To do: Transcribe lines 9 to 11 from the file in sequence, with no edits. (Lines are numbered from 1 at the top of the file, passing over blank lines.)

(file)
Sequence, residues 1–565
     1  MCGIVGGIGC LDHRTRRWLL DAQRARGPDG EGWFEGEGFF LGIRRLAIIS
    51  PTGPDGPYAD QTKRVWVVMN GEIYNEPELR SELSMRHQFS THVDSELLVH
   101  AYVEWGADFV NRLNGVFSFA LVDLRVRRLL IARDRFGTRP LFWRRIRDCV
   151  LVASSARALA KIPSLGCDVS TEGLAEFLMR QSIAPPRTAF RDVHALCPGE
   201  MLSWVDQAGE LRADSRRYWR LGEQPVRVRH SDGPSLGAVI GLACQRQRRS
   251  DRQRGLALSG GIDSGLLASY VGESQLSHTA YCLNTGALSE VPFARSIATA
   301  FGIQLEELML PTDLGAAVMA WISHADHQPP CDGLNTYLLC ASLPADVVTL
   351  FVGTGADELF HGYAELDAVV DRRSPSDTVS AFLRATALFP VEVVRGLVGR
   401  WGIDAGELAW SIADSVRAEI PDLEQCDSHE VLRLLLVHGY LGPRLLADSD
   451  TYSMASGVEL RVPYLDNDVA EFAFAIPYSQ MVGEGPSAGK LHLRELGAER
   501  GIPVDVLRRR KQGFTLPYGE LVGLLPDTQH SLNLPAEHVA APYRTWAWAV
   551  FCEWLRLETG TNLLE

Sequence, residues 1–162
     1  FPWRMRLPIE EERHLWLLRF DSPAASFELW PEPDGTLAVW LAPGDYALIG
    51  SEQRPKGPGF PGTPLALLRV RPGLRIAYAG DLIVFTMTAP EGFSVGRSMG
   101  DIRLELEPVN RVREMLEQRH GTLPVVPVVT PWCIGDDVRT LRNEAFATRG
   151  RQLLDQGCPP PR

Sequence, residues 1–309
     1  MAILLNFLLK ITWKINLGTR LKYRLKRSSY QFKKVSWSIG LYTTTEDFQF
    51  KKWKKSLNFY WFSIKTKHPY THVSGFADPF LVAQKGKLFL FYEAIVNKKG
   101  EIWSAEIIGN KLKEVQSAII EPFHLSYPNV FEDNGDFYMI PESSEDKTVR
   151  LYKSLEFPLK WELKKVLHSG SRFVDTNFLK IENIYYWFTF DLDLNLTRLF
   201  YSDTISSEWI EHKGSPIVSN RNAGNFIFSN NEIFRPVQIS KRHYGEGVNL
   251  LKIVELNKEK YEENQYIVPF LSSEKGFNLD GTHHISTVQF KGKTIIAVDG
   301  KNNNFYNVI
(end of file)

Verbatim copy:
   351  FVGTGADELF HGYAELDAVV DRRSPSDTVS AFLRATALFP VEVVRGLVGR
   401  WGIDAGELAW SIADSVRAEI PDLEQCDSHE VLRLLLVHGY LGPRLLADSD
   451  TYSMASGVEL RVPYLDNDVA EFAFAIPYSQ MVGEGPSAGK LHLRELGAER